Pay down debt

Debt, especially the high interest credit card kind, should be dispatched as quickly as possible. If you have $4,000 of credit card debt at 10 percent interest and pay only $100 a month, it will take you slightly over four years to pay it off at a cost of around $900 in interest.

Alternatively, you can simply take that lump sum bonus and pay the entire bill. You can use the money you saved in interest towards a vacation for yourself instead of helping send a credit card company executive on one.

College savings

If you have young children it may seem like just when you finally get caught up paying for necessities, something else comes up. It’s easy to see your bonus as a way to cover these expenses, but it may also be a good idea to use some of it to start saving for their college education.

With a college savings plan, you can take advantage of some great tax benefits when you use the money you save towards educational expenses. Be sure to check with your financial professional for specifics on how these plans work and which might be right for you given your situation.

Have fun!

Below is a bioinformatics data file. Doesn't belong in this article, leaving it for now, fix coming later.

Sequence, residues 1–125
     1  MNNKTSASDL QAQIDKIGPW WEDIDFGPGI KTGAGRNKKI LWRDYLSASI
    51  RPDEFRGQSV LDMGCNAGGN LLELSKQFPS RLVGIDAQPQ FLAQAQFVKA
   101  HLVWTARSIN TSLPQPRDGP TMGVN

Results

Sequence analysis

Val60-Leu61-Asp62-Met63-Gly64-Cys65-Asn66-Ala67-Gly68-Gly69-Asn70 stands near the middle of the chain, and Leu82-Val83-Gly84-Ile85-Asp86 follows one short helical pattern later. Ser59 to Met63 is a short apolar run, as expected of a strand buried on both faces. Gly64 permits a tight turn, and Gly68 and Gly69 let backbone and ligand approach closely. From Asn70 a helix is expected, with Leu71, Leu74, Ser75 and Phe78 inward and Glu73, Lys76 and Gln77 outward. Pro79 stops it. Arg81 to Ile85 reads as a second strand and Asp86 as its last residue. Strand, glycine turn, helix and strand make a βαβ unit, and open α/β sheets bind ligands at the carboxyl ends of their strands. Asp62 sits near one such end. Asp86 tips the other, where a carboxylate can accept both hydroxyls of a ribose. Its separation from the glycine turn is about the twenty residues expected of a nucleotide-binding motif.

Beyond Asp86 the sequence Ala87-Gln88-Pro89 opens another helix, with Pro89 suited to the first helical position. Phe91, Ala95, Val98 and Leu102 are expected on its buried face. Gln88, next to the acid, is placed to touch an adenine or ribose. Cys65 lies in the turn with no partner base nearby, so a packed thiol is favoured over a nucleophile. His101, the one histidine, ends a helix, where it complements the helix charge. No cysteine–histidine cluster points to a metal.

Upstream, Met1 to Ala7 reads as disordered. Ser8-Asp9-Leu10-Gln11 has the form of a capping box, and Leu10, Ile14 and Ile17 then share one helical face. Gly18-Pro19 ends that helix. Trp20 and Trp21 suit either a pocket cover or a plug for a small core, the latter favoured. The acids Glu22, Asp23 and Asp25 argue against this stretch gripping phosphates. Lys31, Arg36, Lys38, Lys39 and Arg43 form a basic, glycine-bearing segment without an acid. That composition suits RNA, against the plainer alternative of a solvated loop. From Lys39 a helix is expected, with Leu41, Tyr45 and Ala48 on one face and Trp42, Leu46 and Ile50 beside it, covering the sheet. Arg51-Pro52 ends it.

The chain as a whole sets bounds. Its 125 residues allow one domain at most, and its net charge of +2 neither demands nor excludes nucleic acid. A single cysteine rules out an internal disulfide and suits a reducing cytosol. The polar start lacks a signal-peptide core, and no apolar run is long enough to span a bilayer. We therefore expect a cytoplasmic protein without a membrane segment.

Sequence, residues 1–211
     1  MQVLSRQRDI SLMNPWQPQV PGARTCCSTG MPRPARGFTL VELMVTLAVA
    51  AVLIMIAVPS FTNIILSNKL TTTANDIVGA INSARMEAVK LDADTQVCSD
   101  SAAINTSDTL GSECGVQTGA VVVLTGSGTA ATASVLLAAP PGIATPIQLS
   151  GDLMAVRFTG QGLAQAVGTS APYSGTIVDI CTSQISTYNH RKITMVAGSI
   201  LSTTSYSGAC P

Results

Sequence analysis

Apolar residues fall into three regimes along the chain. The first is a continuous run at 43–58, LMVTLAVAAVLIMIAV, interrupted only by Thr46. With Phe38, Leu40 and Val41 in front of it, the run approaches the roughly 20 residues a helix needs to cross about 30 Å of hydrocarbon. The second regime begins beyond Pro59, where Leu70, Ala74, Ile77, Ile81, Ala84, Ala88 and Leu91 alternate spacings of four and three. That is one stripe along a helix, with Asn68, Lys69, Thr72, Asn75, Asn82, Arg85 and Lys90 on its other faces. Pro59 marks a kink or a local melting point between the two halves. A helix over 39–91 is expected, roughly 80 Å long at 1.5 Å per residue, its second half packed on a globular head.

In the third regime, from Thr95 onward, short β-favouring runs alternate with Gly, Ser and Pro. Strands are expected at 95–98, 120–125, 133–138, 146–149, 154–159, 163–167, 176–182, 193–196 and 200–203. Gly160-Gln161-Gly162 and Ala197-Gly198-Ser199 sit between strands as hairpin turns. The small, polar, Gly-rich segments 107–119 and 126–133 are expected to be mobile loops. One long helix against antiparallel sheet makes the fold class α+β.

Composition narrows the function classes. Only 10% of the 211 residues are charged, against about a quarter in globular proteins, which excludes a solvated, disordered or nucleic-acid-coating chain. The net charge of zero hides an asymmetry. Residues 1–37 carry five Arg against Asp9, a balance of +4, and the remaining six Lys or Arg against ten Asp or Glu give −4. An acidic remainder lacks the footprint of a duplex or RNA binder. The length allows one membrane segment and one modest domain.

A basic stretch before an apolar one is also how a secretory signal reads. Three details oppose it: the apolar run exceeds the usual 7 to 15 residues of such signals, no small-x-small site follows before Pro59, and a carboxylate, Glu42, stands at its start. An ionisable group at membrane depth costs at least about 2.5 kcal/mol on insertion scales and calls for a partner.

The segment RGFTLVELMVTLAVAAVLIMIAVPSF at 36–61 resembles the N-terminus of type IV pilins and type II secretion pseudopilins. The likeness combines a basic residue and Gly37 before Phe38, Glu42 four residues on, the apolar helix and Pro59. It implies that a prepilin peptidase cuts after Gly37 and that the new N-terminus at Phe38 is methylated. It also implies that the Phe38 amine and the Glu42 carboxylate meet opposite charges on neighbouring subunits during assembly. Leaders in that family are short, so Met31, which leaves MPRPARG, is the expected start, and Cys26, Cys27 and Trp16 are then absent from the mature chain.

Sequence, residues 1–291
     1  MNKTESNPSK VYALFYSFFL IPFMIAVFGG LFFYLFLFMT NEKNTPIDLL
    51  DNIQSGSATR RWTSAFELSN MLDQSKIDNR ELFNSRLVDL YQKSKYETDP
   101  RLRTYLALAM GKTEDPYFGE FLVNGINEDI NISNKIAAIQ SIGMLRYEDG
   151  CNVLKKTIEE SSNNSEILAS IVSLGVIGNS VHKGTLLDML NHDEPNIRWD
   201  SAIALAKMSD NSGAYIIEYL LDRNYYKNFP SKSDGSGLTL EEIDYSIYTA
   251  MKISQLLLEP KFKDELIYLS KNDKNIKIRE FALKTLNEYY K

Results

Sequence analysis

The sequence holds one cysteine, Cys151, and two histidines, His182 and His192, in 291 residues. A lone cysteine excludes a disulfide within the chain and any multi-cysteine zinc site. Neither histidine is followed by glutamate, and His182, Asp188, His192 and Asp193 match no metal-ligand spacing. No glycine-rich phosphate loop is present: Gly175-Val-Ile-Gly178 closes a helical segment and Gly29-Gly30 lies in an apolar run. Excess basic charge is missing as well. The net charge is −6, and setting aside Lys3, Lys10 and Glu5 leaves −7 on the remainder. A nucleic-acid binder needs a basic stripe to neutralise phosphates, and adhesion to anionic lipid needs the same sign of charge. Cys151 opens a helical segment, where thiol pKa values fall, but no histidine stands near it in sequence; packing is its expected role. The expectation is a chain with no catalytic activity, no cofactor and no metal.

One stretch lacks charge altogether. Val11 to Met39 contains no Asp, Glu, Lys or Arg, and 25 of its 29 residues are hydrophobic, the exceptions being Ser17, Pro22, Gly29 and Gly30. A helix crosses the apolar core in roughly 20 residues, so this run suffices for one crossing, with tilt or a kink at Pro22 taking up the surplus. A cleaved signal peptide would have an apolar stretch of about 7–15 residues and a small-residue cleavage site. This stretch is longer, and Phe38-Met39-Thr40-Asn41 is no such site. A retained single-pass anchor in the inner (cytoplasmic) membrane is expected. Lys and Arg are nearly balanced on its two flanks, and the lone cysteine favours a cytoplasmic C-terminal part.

If you’ve taken some of your bonus and paid off debt or put it to work in some type of savings or investment account and still have a little left over, it’s still perfectly fine to use the rest as a treat. Carve out a portion just for you or your family for a fun purchase or better yet a memorable vacation. More and more people have been minimizing their physical possessions and investing more in experiences, which they say makes them happier.

Everyone is going to have different needs and goals with respect to their money. Whatever yours may be, it’s best to take stock of your personal financial situation and then allocate the money toward whatever has the most leverage for you. Start thinking about this today, and if need be, contact your financial professional for more guidance on these topics.


Opinions, estimates, forecasts and statements of financial market trends that are based on current market conditions constitute our judgment and are subject to change without notice.

This material is for information purposes only and is not intended as an offer or solicitation with respect to the purchase or sale of any security.

Investing involves risk including the potential loss of principal. No investment strategy can guarantee a profit or protect against loss in periods of declining values. Past performance does not guarantee future results. Diversification and asset allocation do not guarantee positive results. Loss, including loss of principal may result. 

Examples used are for hypothetical purposes only. They are not intended to portray past or future investment performance for any specific investment. Your own investments may perform better or worse than these examples. These examples do not include taxes, which could have a dramatic effect on your results.